Struggling to end the war and to eliminate slavery once and for all by way of the 13th Amendment, with the amendment’s prospective passage undermining the effort to make peace with the Confederacy and vice versa, Lincoln embodied the Great Man theory that leftists disdain. As was true for Napoleon before and Churchill after, neither Lincoln’s country nor century would be as we know them today but for this unlikeliest of presidents with the slimmest of résumés, whose rise over better-known and more powerful national figures such as William Seward, his secretary of state (played by David Strathairn), was either cosmically flukish or providential. This sense of the monumental is the burden that Day-Lewis’s performance carries. His Lincoln isn’t a feat of uncanny impersonation but psychological imagination, an invasion and occupation of one of the ages’ most extraordinary innerscapes. Actor and subject alike work both sides of the man-myth divide: Lincoln is the unschooled genius who gets his grammar wrong but always thinks three steps ahead of the more intellectually sophisticated men around him, the vulgarian driving everyone to distraction with barely relevant tall tales who brings a singular lyricism and moral vision to the causes of union and freedom that he makes inseparable, the pushover who conserves and calculates his wrath for that exquisite moment when the opposing arguments have exhausted themselves, the paragon of honesty who wheels and deals his way to a solution that he sees as worthy of his corruption, in at least one case committing a clear and impeachable duplicity.
Though Day-Lewis himself probably doesn’t know how he found his way to this Lincoln, he certainly got assistance from the screenwriter, Angels in America’s Tony Kushner. Adeptly managing the requisite exposition of historical information, Kushner’s script captures the vehemence of 1865 discourse (that makes our bemoaned politics of today sound mild), something to which Tommy Lee Jones brings particular gusto as radical congressman Thaddeus Stevens, a fitfully impatient ally of Lincoln’s at best. If some scenes are stagy, such as a conversation amid the White House porticos between the president and the former slave who is his wife’s dressmaker, they avoid being preachy or extraneous; and fashioning what is as much political thriller as biopic, Spielberg’s direction is especially understated. Only briefly does he flirt with his usual sentimentality at the end, instead making rigorous and counterintuitive storytelling choices (the rendering of the assassination, for instance) and jettisoning big movie moments for the verisimilitude wrought by Janusz Kaminski’s muted twilit cinematography. Nearly irresistible scenes justified by fact, such as Lincoln’s entrance into Richmond, where he was mobbed by exultant blacks, have been sidestepped altogether by a filmmaker cognizant that, true or not, they too glibly speak to white liberal self-congratulation; if anything, the film’s prologue implies that black soldiers fighting for the North understood the Gettysburg Address better than its author. Even John Williams’s typically egregious music is on relatively good behavior.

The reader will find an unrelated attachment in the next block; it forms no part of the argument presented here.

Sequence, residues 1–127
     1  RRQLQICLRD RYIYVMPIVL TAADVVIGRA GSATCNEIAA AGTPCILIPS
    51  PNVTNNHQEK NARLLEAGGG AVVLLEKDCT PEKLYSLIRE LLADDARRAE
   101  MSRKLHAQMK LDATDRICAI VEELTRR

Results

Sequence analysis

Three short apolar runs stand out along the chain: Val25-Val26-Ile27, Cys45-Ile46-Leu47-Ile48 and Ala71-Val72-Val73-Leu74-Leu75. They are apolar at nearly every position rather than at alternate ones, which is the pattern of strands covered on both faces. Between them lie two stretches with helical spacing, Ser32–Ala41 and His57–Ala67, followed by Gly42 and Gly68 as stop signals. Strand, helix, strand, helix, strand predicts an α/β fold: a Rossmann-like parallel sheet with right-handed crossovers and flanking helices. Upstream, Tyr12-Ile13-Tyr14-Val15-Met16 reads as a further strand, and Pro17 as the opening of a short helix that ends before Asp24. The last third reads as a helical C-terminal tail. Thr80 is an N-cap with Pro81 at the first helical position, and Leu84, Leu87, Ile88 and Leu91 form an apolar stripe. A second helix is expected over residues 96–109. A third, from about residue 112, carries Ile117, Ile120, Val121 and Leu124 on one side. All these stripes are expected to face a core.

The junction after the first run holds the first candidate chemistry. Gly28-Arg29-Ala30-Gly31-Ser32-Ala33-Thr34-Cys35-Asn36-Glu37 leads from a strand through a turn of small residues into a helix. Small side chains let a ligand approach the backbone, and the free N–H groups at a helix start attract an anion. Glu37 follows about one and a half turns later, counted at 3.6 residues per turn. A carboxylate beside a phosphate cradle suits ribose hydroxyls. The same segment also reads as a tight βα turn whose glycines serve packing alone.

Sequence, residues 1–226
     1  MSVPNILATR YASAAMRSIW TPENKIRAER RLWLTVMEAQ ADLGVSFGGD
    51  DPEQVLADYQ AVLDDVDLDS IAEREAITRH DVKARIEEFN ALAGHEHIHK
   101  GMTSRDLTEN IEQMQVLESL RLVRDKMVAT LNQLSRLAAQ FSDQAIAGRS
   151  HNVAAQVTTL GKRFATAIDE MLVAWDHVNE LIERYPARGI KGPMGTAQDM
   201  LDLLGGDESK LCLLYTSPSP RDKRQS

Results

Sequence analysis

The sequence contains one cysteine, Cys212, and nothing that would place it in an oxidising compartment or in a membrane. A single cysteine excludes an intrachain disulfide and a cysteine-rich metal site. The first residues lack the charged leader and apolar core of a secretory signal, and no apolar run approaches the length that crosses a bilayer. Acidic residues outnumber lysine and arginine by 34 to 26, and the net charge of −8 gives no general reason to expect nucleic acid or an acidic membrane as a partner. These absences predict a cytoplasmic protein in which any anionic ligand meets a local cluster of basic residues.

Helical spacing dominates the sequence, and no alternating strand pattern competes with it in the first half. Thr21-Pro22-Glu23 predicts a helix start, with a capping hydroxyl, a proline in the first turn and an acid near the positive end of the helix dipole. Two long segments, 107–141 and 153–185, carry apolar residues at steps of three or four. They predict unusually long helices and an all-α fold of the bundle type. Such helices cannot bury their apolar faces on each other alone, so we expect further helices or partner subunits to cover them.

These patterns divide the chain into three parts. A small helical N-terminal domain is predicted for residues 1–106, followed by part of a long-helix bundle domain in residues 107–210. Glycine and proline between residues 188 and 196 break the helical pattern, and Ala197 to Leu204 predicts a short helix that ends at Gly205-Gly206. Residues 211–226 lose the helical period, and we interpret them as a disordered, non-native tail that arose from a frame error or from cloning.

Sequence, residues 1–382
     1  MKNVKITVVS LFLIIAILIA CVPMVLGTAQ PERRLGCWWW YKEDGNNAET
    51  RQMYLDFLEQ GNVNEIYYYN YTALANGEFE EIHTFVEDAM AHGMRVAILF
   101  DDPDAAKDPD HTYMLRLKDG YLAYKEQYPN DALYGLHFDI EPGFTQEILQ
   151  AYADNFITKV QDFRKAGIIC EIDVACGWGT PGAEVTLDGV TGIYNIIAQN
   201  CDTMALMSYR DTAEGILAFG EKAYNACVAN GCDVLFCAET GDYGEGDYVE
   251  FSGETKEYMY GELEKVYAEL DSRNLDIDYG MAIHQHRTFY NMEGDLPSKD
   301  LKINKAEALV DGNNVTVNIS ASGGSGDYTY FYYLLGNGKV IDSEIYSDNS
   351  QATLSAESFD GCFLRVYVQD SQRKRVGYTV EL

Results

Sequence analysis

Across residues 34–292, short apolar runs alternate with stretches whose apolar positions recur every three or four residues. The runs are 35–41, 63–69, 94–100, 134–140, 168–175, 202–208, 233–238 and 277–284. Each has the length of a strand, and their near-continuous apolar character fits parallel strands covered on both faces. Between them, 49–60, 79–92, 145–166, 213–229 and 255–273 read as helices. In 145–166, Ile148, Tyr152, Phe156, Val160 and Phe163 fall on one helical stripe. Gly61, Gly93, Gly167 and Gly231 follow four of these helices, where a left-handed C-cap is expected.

Lincoln is impressive enough to almost make you forget how much Daniel Day-Lewis dominates the endeavor. By all accounts, as an actor he takes the Method to lengths that Robert De Niro would consider cracked; down to his heartthrob looks and the biographical details of a wild youth and bohemian parents, he couldn’t more personify every romantic cliché of what it means to be an actor if he tried. Stories of Day-Lewis never breaking character during long months on There Will Be Blood and living in the woods in preparation for The Last of the Mohicans and contracting pneumonia because he wouldn’t change into modern clothing while shooting Gangs of New York and having a nervous breakdown from seeing his father’s ghost onstage in Hamlet make your eyes roll—Stanislavski crossed with Saturday Night Live—until you come up against results that brook no argument. Some will be dismayed by a Lincoln so human as to speak in the high Midwestern twang of record and to stride through the White House in a simian lope rather than intoning sonorously and carrying himself in the manner of a shrine, and others by a Lincoln who evokes the supernatural depths of a prairie-born messiah. The reconciliation of the two is the measure of this achievement by our greatest living actor; only Meryl Streep, Sean Penn, and Denzel Washington are in the same league, with time yet to tell about Kate Winslet. Day-Lewis’s research remains mysterious, but his Lincoln is closest to that of Walt Whitman, who spotted the president on an almost daily basis between his first inauguration and John Wilkes Booth’s fatal intervention. In bearing such personal witness, Whitman fell in love with the man. “O captain! my captain!” he beseeched the martyr on his death, “rise up and hear the bells!” and in the form of Day-Lewis, with the poet in his ears, the captain has.